Fort Wayne is officially asking state legislators to give local governments a better option for obtaining solid waste services, such as trash collection.
The City Council's decision Tuesday night to approve a resolution addressing that came hours after state representatives on an 86-4 vote approved House Bill 1286, which would address how solid waste services are obtained. The state Senate will now consider the bill.
Council members recognized the bill's progress before approving the resolution, which was first announced Jan. 8.
City Council members have shared frustrations about feeling like their hands are tied when it comes to accepting a bid for solid waste services. Red River Waste Solutions was approved as the city's trash and recycling collection provider in 2017.
State law requires municipalities to accept “the lowest responsible and responsive bidder.” Red River was the lowest bidder in 2017, but the Texas company was not able to handle the weekly collection of trash for more than 83,000 homes, city officials have said.
Service issues, such as excessive missed collections, have been reported by residents since the beginning of the contract. In October, the company filed Chapter 11 reorganizational bankruptcy, which offers it protection and requires that it be paid fairly for services.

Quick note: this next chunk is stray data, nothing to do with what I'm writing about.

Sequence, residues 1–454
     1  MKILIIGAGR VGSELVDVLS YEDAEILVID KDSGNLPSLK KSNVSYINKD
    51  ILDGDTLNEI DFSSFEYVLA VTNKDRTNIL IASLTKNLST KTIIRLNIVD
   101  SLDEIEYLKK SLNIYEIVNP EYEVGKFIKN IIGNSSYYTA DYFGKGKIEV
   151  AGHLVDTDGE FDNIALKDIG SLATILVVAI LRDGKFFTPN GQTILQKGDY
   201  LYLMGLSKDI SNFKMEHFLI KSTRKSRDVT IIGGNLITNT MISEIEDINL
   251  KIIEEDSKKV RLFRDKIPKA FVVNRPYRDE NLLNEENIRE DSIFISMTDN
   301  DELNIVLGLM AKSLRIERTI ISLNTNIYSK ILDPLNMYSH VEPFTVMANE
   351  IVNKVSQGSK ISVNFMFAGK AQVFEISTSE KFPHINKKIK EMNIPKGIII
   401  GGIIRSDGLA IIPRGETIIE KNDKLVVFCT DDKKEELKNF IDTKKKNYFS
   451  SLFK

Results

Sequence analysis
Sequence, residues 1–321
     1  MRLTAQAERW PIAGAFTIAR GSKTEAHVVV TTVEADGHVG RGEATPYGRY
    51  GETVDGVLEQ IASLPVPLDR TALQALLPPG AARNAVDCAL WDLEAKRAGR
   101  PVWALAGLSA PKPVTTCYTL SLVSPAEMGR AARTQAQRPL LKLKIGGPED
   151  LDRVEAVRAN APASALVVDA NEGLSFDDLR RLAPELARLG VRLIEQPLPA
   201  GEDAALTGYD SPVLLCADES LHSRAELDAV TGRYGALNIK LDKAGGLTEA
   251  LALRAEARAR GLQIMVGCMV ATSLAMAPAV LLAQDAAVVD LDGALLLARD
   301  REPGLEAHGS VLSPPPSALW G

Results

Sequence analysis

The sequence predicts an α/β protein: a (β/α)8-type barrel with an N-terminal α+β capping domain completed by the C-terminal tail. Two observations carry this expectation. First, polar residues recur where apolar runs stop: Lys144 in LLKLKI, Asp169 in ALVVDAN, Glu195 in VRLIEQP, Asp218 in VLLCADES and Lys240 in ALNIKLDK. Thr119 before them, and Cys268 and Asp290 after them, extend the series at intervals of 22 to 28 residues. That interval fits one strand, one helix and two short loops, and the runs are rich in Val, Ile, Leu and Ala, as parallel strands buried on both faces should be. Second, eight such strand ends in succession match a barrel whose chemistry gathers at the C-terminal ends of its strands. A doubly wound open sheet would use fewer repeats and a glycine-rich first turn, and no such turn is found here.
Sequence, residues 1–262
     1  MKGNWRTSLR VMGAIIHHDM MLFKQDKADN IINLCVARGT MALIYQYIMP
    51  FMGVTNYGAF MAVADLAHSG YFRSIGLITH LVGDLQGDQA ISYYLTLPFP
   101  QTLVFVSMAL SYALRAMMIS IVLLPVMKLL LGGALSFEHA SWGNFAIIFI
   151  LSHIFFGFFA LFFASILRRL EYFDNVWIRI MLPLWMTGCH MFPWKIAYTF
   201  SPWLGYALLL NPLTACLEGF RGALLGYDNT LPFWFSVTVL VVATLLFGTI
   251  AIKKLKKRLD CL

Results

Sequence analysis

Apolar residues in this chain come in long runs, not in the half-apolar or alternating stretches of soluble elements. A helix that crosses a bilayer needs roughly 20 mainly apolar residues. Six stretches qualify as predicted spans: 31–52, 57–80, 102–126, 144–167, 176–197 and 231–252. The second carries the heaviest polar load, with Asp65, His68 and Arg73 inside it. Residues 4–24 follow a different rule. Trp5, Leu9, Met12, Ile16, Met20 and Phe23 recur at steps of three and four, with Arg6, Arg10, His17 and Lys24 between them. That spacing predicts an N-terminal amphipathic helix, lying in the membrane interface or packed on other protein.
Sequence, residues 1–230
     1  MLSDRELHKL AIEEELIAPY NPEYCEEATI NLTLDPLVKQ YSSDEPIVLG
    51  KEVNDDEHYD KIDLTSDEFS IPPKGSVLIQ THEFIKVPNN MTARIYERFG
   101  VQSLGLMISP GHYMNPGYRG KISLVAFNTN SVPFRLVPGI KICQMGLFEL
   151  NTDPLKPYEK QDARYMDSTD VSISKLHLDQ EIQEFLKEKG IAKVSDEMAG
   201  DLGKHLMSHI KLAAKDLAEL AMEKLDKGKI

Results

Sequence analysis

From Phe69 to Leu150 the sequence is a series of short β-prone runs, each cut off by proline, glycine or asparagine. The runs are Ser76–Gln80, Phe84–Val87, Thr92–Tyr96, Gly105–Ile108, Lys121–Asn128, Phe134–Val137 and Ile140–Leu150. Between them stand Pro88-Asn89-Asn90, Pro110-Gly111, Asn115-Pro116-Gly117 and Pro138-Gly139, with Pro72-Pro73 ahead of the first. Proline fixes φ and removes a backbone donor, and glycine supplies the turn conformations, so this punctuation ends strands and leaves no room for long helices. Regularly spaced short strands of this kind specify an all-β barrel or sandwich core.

Jay Jaffe, an attorney of Faegre Drinker, said Red River loses money every day it services Fort Wayne because the monthly payment of less than $500,000 a month doesn't cover operating and overhead costs. The city plans to pay Red River more to cover the services for the next six months until it can find the city's next trash provider, Tim Haffner, city corporation attorney, said Jan. 18.
Councilman Tom Didier, R-3rd, spoke in support of the bill before a house committee Jan. 19 during the legislative session in Indianapolis. Didier said it would be a blessing if the bill makes it into law.
“What I ask of all of you is to get ahold of the state senators to move this along,” Didier said to fellow council members.
Councilman Jason Arp, R-4th, abstained from voting on the resolution that the rest of the council members approved. Arp said he abstained because he's heard from state senators who oppose the bill and was undecided Tuesday evening.
Arp missed the last two council meetings because of a death in his family and said he hasn't had time to properly review the bill. He thinks the city would be better off to leave garbage collections up to individual residents, which is the case for county residents.
“I think we could do something like that in the future where we don't put all of the city's eggs in one basket, hoping for one contractor to be able to handle everything,” he said.
In other business, the City Council approved the rezoning of 8010 Illinois Road, which is less than an acre of land, to allow for a three-building office park with 18 parking spaces. Dennis Emley, the owner, plans to have two buildings built on the property that resemble the already-existing schoolhouse.
Steve Mauldin, president of the Falls at Beaver Creek's homeowners association, said residents of the surrounding neighborhoods oppose the commercial development.
The rezoning was passed with an 8-1 vote with Councilman Geoff Paddock, D-5th, in opposition.